This Trojan performs DDoS attacks. The idea is to take down a network by flooding it with traffic. That traffic comes from your infected computer and others.


This Trojan targets your already-infected computer. It downloads and installs new versions of malicious programs. These can include Trojans and adware.

Fake AV

This Trojan behaves like antivirus software but demands money from you to detect and remove threats, whether they’re real or fake.


The losers here may be online gamers. This Trojan seeks to steal their account information.


As it sounds, this Trojan is after data on your infected computer.


This Trojan seeks to steal the email addresses you’ve accumulated on your device.


This Trojan seeks a ransom to undo the damage it has done to your computer. This can include blocking your data or impairing your computer’s performance.

Remote Access

This Trojan can give an attacker full control over your computer via a remote network connection. Its uses include stealing your information or spying on you.


A rootkit aims to hide or obscure an object on your infected computer. The idea? To extend the time a malicious program runs on your device.


This type of Trojan infects your mobile device and can send and intercept text messages. Texts to premium-rate numbers can drive up your phone costs.

Trojan banker

This Trojan takes aim at your financial accounts. It’s designed to steal your account information for all the things you do online. That includes banking, credit card, and bill pay data.

Trojan IM

This Trojan targets instant messaging. It steals your logins and passwords on IM platforms.

That’s just a sample. There are a lot more.

Examples of Trojan malware attacks

The malware attacks can inflict a lot of damage. At the same time, Trojans continue to evolve. Here are three examples.

  1. Rakhni Trojan. This malware has been around since 2013. More recently, it can deliver ransomware or a cryptojacker (allowing criminals to use your device to mine for cryptocurrency) to infected computers. “The growth in coin mining in the final months of 2017 was immense,” the 2018 Internet Security Threat Report notes. “Overall coin-mining activity increased by 34,000 percent over the course of the year.”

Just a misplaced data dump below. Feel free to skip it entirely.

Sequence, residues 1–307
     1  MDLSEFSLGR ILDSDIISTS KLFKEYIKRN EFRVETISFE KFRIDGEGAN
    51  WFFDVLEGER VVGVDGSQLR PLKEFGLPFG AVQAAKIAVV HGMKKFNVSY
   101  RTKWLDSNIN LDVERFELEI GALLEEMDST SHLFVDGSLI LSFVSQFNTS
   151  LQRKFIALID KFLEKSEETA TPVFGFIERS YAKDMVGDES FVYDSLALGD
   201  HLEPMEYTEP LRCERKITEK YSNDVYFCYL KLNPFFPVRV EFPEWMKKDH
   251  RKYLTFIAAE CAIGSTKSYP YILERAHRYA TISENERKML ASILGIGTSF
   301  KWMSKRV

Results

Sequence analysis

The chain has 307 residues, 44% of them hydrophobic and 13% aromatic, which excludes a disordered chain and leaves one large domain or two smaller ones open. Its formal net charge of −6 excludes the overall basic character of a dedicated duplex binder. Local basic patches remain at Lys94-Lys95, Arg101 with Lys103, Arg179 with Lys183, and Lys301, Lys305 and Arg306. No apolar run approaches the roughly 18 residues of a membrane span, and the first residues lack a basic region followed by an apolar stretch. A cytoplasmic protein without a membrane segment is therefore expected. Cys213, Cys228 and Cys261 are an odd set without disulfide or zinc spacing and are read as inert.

2. ZeuS/Zbot. This banking Trojan is another oldie but baddie. ZeuS/Zbot source code was first released in 2011. It uses keystroke logging — recording your keystrokes as you log into your bank account, for instance — to steal your credentials and perhaps your account balance as well.

How Do You Prevent Trojans?

  • Computer security begins with installing and running an internet security suite. Run periodic diagnostic scans with your software. You can set it up so the program runs scans automatically during regular intervals.
  • Update your operating system’s software as soon as updates are made available from the software company. Cybercriminals tend to exploit security holes in outdated software programs. In addition to operating system updates, you should also check for updates on other software that you use on your computer.
  • Protect your accounts with complex, unique passwords. Create a unique password for each account using a complex combination of letters, numbers, and symbols.
  • Keep your personal information safe with firewalls.
  • Back up your files regularly. If a Trojan infects your computer, this will help you to restore your data.
  • Be careful with email attachments. To help stay safe, scan an email attachment first. 

A lot of things you should do come with a corresponding thing not to do — like, do be careful with email attachments and don’t click on suspicious email attachments. Here are some more don’ts.

  • Don’t visit unsafe websites. Some internet security software will alert you that you’re about to visit an unsafe site, such as Norton Safe Web.
  • Don’t open a link in an email unless you’re confident it comes from a legitimate source. In general, avoid opening unsolicited emails from senders you don’t know.
  • Don’t download or install programs if you don’t have complete trust in the publisher.
  • Never click on pop-up windows that promise free programs that perform useful tasks.
  • Don’t ever open a link in an email unless you know exactly what it is.

How Do You Remove a Trojan?

If a user discovers a Trojan horse it can be removed using manual operations or software programs. Removing it can be difficult because it is possible for hidden files to exist on the computer. If it is discovered, the malicious threats can be removed by

  • Identifying the file or files infected and removing it from the system
  • Disable the function of System restore
  • Restart the computer and press F8 (Windows PCs) and select safe mode to start up the computer
  • Use Add or Remove Programs in the control panel to remove the programs affected by the Trojan horse
  • Remove extensions by deleting files of a program within the Windows System folder

While you can follow these manual steps on a personal computer, it is not an effective approach for Trojan viruses that infect enterprise computer systems. In this case, the situation can be very complex and the best approach is to seek outside help. The benefit for any enterprise network using Avatara’s CompleteCloud platform is that its built-in security systems constantly work to prevent Trojan horses and other malware to avoid the problem in the first place.